YANGON, Myanmar (AP) – After crushing the democracy uprising with guns, Myanmar’s junta stepped up its campaign to intimidate citizens Wednesday, sending troops to drag people from their homes in the middle of the night and letting others know they were marked for retribution.

“We have photographs! We are going to make arrests!” soldiers yelled from loudspeakers on military vehicles that patrolled the streets in Yangon, Myanmar’s biggest city

People living near the Shwedagon Pagoda, Myanmar’s most revered shrine and a flash point of unrest during the protests, reported that security forces swept through several dozen homes about 3 a.m., taking away many men and even some women for questioning.

A U.N. Development Program employee, Myint Nwe Moe, and her husband, brother-in-law and driver were among those detained, the U.N. agency said.

Dozens of Buddhist monks jammed Yangon’s main train station after being ordered to vacate their monasteries – centers of the anti-government demonstrations – and told to go back to their hometowns and villages.

It was not clear who ordered them out. Older abbots in charge of monasteries are seen as tied to the ruling military junta, while younger monks are more sympathetic to the democracy movement.

“People are terrified,” said Shari Villarosa, the acting U.S. ambassador in Myanmar. “People have been unhappy for a long time. Since the events of last week, there’s now the unhappiness combined with anger, and fear.”

In New York, United Nations Secretary-General Ban Ki-moon said he would meet with the Security Council on Friday to discuss possible actions for addressing human rights abuses in Myanmar, calling the situation here a top international concern.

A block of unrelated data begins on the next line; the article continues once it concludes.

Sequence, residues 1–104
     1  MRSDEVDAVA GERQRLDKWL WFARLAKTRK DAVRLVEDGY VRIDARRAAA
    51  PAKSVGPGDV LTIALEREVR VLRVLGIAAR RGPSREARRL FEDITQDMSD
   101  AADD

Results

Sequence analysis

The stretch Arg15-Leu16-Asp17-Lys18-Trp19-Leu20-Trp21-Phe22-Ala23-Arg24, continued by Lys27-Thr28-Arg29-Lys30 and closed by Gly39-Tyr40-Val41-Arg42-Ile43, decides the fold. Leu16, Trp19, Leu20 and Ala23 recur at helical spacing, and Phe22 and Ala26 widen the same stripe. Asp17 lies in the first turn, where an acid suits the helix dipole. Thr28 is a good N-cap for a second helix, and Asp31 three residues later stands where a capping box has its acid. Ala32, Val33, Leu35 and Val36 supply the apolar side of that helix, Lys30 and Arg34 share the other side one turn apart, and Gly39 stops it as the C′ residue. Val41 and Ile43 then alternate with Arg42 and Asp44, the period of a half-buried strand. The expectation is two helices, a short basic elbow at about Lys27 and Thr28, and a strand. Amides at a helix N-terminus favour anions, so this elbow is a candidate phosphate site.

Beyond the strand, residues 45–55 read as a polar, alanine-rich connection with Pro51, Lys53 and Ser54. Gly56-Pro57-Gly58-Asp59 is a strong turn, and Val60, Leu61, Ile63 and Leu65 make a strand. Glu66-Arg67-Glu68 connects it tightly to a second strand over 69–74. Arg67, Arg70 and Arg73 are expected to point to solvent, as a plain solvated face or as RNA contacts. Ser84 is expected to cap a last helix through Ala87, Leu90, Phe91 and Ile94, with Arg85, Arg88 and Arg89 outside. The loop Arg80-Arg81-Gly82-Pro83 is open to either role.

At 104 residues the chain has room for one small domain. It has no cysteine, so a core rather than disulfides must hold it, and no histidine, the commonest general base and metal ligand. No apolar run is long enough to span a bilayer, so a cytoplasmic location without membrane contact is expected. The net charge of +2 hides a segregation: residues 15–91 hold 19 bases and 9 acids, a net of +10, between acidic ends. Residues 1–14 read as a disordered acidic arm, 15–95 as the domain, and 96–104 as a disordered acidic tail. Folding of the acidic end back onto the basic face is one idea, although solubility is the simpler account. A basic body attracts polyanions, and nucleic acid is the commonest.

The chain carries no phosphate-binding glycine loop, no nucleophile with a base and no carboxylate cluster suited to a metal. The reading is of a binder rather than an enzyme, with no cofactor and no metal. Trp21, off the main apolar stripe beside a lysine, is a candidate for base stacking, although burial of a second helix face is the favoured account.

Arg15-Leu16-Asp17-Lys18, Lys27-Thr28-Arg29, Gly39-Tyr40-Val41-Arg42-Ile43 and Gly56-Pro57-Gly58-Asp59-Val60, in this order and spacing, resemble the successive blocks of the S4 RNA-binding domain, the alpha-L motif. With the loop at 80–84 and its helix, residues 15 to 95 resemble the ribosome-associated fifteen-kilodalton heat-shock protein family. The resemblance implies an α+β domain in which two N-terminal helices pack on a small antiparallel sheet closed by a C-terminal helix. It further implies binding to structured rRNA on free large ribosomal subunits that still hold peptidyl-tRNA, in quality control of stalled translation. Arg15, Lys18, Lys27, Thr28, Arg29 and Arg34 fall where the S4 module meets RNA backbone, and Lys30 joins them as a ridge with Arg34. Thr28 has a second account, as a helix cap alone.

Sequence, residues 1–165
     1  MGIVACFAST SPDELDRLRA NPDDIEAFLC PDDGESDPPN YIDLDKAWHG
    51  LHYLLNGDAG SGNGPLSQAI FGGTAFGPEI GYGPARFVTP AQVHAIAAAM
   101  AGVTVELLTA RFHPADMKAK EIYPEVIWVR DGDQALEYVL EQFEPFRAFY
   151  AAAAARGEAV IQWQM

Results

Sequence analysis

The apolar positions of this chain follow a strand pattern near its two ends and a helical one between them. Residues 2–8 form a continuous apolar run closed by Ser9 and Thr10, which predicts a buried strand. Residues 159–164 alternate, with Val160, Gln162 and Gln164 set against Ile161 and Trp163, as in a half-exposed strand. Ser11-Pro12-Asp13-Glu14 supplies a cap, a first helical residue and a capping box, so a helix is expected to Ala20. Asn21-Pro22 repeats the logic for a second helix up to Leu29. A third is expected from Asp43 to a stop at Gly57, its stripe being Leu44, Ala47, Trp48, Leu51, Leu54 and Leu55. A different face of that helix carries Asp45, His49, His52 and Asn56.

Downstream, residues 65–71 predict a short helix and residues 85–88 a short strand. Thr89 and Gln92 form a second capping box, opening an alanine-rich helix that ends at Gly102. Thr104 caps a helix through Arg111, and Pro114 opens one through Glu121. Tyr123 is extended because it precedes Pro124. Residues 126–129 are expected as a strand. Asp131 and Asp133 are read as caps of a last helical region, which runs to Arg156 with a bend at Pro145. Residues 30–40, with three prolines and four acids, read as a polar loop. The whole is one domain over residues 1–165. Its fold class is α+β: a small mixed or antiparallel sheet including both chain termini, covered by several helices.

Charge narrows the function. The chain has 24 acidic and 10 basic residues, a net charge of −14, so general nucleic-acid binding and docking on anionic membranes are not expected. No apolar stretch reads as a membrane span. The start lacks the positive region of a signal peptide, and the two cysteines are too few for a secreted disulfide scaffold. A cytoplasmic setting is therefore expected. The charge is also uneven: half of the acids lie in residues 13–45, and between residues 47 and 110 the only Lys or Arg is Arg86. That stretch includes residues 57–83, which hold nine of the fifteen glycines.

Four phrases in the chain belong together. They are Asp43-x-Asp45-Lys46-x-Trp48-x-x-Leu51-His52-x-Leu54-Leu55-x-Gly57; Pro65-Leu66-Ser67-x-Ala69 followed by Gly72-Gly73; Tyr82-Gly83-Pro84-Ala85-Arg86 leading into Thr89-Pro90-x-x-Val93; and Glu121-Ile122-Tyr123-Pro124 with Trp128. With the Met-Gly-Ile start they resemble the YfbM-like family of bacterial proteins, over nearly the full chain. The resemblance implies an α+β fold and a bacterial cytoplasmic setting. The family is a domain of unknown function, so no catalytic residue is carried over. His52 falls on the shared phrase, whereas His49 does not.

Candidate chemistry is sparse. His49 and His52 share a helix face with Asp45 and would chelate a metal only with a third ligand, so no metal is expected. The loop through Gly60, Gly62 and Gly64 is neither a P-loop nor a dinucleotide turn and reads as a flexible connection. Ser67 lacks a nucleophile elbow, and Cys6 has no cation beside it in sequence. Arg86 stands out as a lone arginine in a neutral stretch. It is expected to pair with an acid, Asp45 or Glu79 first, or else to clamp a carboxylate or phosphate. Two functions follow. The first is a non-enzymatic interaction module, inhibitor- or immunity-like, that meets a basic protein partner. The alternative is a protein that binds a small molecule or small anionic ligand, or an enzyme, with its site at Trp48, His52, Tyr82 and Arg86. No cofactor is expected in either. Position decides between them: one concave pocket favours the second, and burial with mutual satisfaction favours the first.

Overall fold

Ban said his special envoy, Ibrahim Gambari, delivered “the strongest possible message” to Myanmar’s military leaders during a four-day visit to this Southeast Asian nation, but added that he could not call the trip “a success.” The junta has not commented on Gambari’s visit.

Gambari called on the regime to stop repression of peaceful protests, release detainees and move more credibly toward democratic reform, the U.N. spokesman’s office said.

Anti-junta demonstrations broke out in mid-August over a fuel price hike, then ballooned when monks took the lead last month. But the military crushed the protests a week ago with bullets, tear gas and clubs. The government said 10 people were killed, but dissident groups put the death toll at up to 200 and say 6,000 people were detained.

New video broadcast on CNN showed police and soldiers rounding up demonstrators and beating them before loading them on trucks. In one view, about six young men squat on the street, hands on their heads, cringing. One in a red shirt – the color adopted by the protest movement – is singled out for particular abuse.

The video also showed a man lying on the ground, his shirt bloodied, while another man looked around frantically as he tried to help him.

The footage appeared to have been made three or four days ago in downtown Yangon.